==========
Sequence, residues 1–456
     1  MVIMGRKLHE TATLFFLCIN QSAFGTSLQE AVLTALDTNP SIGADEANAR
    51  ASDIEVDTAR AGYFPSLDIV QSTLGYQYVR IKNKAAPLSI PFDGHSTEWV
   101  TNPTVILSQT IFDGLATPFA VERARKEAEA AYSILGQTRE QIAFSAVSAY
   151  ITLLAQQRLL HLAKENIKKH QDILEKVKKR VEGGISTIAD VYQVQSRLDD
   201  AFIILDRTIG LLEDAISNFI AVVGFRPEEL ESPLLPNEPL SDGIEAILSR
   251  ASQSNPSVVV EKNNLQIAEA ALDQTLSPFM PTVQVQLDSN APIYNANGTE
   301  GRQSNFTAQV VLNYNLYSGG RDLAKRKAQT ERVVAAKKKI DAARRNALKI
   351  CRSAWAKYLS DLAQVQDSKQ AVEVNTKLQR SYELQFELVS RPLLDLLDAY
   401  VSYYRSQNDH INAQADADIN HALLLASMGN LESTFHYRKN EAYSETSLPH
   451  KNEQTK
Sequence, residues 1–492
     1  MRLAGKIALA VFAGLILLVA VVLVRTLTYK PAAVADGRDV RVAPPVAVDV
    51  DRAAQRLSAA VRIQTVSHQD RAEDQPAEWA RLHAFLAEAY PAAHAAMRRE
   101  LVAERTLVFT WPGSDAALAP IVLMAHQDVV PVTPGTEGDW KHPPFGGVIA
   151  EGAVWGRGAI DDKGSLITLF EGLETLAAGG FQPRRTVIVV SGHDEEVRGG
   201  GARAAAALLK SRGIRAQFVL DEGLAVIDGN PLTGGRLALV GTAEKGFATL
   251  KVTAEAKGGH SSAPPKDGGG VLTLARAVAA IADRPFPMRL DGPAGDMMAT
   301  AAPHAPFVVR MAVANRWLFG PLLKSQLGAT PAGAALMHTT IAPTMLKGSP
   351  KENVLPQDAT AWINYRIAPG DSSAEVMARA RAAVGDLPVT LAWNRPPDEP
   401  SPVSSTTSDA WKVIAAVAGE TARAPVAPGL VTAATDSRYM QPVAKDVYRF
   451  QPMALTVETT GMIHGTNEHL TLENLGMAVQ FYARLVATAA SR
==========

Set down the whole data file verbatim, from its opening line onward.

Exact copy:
Sequence, residues 1–456
     1  MVIMGRKLHE TATLFFLCIN QSAFGTSLQE AVLTALDTNP SIGADEANAR
    51  ASDIEVDTAR AGYFPSLDIV QSTLGYQYVR IKNKAAPLSI PFDGHSTEWV
   101  TNPTVILSQT IFDGLATPFA VERARKEAEA AYSILGQTRE QIAFSAVSAY
   151  ITLLAQQRLL HLAKENIKKH QDILEKVKKR VEGGISTIAD VYQVQSRLDD
   201  AFIILDRTIG LLEDAISNFI AVVGFRPEEL ESPLLPNEPL SDGIEAILSR
   251  ASQSNPSVVV EKNNLQIAEA ALDQTLSPFM PTVQVQLDSN APIYNANGTE
   301  GRQSNFTAQV VLNYNLYSGG RDLAKRKAQT ERVVAAKKKI DAARRNALKI
   351  CRSAWAKYLS DLAQVQDSKQ AVEVNTKLQR SYELQFELVS RPLLDLLDAY
   401  VSYYRSQNDH INAQADADIN HALLLASMGN LESTFHYRKN EAYSETSLPH
   451  KNEQTK
Sequence, residues 1–492
     1  MRLAGKIALA VFAGLILLVA VVLVRTLTYK PAAVADGRDV RVAPPVAVDV
    51  DRAAQRLSAA VRIQTVSHQD RAEDQPAEWA RLHAFLAEAY PAAHAAMRRE
   101  LVAERTLVFT WPGSDAALAP IVLMAHQDVV PVTPGTEGDW KHPPFGGVIA
   151  EGAVWGRGAI DDKGSLITLF EGLETLAAGG FQPRRTVIVV SGHDEEVRGG
   201  GARAAAALLK SRGIRAQFVL DEGLAVIDGN PLTGGRLALV GTAEKGFATL
   251  KVTAEAKGGH SSAPPKDGGG VLTLARAVAA IADRPFPMRL DGPAGDMMAT
   301  AAPHAPFVVR MAVANRWLFG PLLKSQLGAT PAGAALMHTT IAPTMLKGSP
   351  KENVLPQDAT AWINYRIAPG DSSAEVMARA RAAVGDLPVT LAWNRPPDEP
   401  SPVSSTTSDA WKVIAAVAGE TARAPVAPGL VTAATDSRYM QPVAKDVYRF
   451  QPMALTVETT GMIHGTNEHL TLENLGMAVQ FYARLVATAA SR